gms | German Medical Science

7th EFSMA – European Congress of Sports Medicine, 3rd Central European Congress of Physical Medicine and Rehabilitation, Annual Assembly of the German and the Austrian Society of Physical Medicine and Rehabilitation

Austrian Society of Physical Medicine and Rehabilitation

26.-29.10.2011, Salzburg, Austria

Relevance of predicted values of VO2max, from young high performance athletes being trained in Alsace

Meeting Abstract

7th EFSMA – European Congress of Sports Medicine, 3rd Central European Congress of Physical Medicine and Rehabilitation. Salzburg, 26.-29.10.2011. Düsseldorf: German Medical Science GMS Publishing House; 2011. Doc11esm087

doi: 10.3205/11esm087, urn:nbn:de:0183-11esm0871

Published: October 24, 2011

© 2011 Respondek et al.
This is an Open Access article distributed under the terms of the Creative Commons Attribution License ( You are free: to Share – to copy, distribute and transmit the work, provided the original author and source are credited.



Objective: Many children and adolescents practice high performance sport in a club or a training center. Medical examination before and all along the training are mandatory and useful for good practice of sport. Cardio-respiratory test during exercise is one major component of this evaluation. Test protocols are well defined and based in our laboratory on theoretical values of VO2max that were defined in the eighties, by tests performed on a population of young North American adolescents for whom there are limited information on their daily workload [1]. Our objective was to assess the relevance of these reference values during the evaluation of young athletes registered in the training center (CREPS) of Strasbourg.

Material/Methods: This retrospective study involved 266 athletes covering 27 different sports, according to the Mitchell classification [2]. 161 boys and 105 girls, between 9 and 17 years old, were all listed either in a training center or as high performance athletes in Alsace. They have all performed a maximal exercise test up to exhaustion, on an ergocycle, in order to determine their VO2max and their ventilatory threshold.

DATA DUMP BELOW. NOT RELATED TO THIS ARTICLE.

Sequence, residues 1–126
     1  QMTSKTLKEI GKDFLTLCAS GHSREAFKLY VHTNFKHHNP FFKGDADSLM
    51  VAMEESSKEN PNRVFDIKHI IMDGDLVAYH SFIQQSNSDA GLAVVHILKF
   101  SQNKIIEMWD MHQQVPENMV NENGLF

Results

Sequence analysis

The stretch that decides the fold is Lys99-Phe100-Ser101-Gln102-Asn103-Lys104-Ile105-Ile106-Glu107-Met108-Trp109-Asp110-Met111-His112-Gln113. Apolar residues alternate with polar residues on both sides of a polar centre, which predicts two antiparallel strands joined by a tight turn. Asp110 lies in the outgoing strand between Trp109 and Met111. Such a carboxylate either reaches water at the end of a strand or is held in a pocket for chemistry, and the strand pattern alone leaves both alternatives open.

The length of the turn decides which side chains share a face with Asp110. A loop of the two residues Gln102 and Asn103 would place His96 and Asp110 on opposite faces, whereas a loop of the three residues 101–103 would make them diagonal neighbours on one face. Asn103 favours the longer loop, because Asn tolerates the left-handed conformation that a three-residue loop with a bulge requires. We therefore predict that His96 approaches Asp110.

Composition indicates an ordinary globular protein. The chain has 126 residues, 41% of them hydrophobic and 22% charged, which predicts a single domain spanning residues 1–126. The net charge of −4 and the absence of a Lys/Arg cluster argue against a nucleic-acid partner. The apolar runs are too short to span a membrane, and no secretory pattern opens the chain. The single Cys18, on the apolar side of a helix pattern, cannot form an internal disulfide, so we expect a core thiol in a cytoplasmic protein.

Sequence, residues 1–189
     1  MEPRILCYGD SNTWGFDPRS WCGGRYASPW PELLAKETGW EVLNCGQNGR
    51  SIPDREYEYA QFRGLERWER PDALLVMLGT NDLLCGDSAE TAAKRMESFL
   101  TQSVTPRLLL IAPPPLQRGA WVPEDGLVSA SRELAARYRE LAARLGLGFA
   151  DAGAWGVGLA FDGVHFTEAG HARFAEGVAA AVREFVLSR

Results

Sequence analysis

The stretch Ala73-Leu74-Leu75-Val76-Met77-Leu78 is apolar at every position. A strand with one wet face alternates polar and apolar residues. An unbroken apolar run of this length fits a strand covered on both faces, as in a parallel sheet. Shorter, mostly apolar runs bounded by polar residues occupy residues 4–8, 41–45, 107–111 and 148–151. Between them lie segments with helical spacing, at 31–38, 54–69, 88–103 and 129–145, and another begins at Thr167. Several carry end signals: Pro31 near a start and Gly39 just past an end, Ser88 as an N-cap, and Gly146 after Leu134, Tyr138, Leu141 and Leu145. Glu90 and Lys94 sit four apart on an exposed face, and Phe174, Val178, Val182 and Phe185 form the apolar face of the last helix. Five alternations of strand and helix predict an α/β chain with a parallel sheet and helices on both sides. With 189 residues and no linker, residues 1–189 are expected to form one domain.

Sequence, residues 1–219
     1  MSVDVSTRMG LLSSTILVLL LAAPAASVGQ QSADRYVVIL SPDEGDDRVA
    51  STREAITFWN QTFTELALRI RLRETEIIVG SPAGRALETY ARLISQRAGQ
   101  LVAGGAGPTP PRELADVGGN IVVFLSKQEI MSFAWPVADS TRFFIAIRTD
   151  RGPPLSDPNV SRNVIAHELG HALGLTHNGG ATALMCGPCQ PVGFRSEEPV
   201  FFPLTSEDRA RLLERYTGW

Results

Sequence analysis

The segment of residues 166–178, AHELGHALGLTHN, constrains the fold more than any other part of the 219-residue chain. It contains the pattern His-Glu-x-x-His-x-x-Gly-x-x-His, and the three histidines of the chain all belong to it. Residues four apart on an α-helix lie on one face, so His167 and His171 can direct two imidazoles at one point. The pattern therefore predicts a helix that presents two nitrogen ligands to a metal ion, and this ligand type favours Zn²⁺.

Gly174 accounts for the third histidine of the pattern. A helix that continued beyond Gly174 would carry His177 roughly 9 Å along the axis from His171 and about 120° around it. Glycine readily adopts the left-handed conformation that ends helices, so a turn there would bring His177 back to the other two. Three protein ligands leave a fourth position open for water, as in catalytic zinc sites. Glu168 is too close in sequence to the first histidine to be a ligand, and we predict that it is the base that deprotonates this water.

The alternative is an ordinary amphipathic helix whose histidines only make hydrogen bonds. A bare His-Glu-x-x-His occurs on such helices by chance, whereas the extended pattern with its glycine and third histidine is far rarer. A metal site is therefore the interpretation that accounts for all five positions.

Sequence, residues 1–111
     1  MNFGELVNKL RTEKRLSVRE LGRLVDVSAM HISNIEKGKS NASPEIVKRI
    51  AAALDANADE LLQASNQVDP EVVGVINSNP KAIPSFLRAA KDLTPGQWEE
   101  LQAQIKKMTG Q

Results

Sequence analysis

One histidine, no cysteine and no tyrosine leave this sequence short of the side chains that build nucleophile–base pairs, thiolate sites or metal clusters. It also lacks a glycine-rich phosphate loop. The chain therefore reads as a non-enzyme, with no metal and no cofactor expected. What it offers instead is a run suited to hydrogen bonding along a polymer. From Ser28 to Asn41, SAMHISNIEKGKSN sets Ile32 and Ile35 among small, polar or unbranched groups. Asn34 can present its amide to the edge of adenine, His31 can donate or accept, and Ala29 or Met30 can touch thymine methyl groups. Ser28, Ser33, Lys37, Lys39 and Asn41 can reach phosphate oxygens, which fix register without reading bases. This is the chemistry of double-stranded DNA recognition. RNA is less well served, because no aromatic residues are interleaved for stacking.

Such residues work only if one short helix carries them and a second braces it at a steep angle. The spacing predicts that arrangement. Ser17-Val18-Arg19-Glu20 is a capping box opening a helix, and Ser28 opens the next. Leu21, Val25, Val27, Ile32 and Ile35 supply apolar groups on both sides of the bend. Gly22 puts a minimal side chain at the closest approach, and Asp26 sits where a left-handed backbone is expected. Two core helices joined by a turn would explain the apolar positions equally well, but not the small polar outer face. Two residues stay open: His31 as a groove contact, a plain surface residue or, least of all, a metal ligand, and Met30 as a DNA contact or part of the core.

Results: For the whole group of 266 children, the maximal measured O2 uptake (VO2max ) averages 2.87+/- 0.87 L.min-1, i.e. 113 +/-19% of predicted values. Boys have a mean VO2max of 3.32 +/- 0.75 L.min-1 (51 +/- 8, i.e. 108 +/-17% of predicted values and the girls have a mean VO2max of 2.17 +/- 0.52 L.min-1 (41 +/- 7, i.e. 120 +/-19% of theoretical values. VO2max significantly increases with age (p<0.001) but remains stable when expressed with weight (specific VO2 max). For both girls and boys, the ventilatory threshold is relatively high and averages 64 +/- 9% of VO2max. The highest values of VO2max are observed in the C group of the Mitchell’s classification, whatever the sex. To characterize the difference between both predicted and measured VO2max, we used the Bland-Altman’s method. For the boys, it shows that the mean of measured VO2max is 210 +/- 530 ml higher than the mean predicted VO2max value (Figure 1 [Fig. 1]). For the girls, the difference reached 360+/- 360 ml (Figure 2 [Fig. 2]). In both groups, these differences are not statistically significant.

Conclusion: The measured VO2max of adolescents listed as potentially high performance athletes are higher than the values derived from the Cooper and coll. [1] formulae, but the difference is not clinically significant, neither for boys and girls. For this specific population, we can assume that the values of VO2max calculated with Cooper’s formulae can still be used as predicted values, between 9 and 17 years old.


Cooper DM, Weiler-Ravell D. Aerobic parameters of exercise as a function of body size during growth in children. J Appl Physiol. 1984;56(3):628-34.
Mitchell JH, Haskell WL. Classifications of sports. JACC. 1994;24(4):845-99.